Man, aide held for possessing 6.5 kg opium


Police arrested a young couple for illegally possessing 6.5 kilograms opium yesterday.

Among the arrested are Dilip Biswokarma, 22, of Jajarkot district and Pramila Raut, 18, of Bhimeshwor Municipality- 6, of Dolakha district. They were living in a house at Tarakeshwar Municipality-4, Kathmandu.

Acting on a tip-off Metropolitan Police Crime Division had mobilised police personnel in the area. The police had seized the opium carried by Bishwokarma in a black backpack from around Sesmatipul area, yesterday.

The duo said they had bought the opium from a remote area of Jajarkot district at Rs 150,000 per kilogram.

The opium was grown in the area. Pure raw opium like the one seized by the police comes at a price ranging Rs 200,00 to Rs 250,000 in Nepali market, according to police.

Senior Superintendent of Police Deepak Thapa of the MCD said Bishwokarma, who was a member of a large organised crime group, was going to trade the opium for Rs 800,000 per kilogram.

Raut told the police that she had transported the drug from Chitwan to Kathmandu.

The Kathmandu District Court has remanded five days of judicial custody for the couple. Police have also notified their units in Jajarkot about possible opium plantation in the area.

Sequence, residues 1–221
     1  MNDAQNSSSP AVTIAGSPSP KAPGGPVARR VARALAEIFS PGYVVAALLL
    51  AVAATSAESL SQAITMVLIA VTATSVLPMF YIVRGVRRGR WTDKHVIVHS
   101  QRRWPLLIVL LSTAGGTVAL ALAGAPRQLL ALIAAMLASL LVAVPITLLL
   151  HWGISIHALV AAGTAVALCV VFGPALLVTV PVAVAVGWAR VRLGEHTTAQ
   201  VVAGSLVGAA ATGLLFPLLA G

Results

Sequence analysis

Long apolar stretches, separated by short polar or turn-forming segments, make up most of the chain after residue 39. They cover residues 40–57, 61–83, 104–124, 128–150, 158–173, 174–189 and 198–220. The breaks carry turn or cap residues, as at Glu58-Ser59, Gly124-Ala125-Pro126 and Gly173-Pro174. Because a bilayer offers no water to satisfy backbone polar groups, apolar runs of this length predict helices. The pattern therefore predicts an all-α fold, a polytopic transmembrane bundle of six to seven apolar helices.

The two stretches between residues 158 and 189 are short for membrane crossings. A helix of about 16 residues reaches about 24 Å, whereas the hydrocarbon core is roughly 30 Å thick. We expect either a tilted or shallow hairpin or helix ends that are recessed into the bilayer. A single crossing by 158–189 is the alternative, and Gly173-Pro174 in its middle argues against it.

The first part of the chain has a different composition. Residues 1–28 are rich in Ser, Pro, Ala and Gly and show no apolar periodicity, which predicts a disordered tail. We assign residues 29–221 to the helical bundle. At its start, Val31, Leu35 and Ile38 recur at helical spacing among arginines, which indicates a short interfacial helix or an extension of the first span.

Opium cultivation is illegal in Nepal. However, people in the rural areas are still engaged in the farming of the high value drug. Raw opium is also converted to brown sugar through chemical reaction in laboratories. But, due to lack of knowledge and the chemicals to change its properties, opiums are mostly sold raw in the country, said SSP Thapa.

Opium is the dried latex obtained from a poppy plant, which contains morphine, an alkaloid, used to produce heroin.

Cultivation of opium plants is rampant in parts of the high hilly region these days, mainly in Makwanpur, Dhading, Baglung, Salyan, Jajarkot, Rolpa and Rukum. A few years ago, opium plantation was also common in Tarai districts like Rautahat, Bara and Parsa. But, the plantation in Tarai region has almost come to end due to continuous patrolling by the police, according to SSP Thapa.

Remoteness and economic backwardness of the rural people are major factors in illicit cultivation of opium. Due to lack of proper observation and police personnel, controlling opium production has become a herculean task for police.

A version of this article appears in e-paper on August 26, 2020, of The Himalayan Times.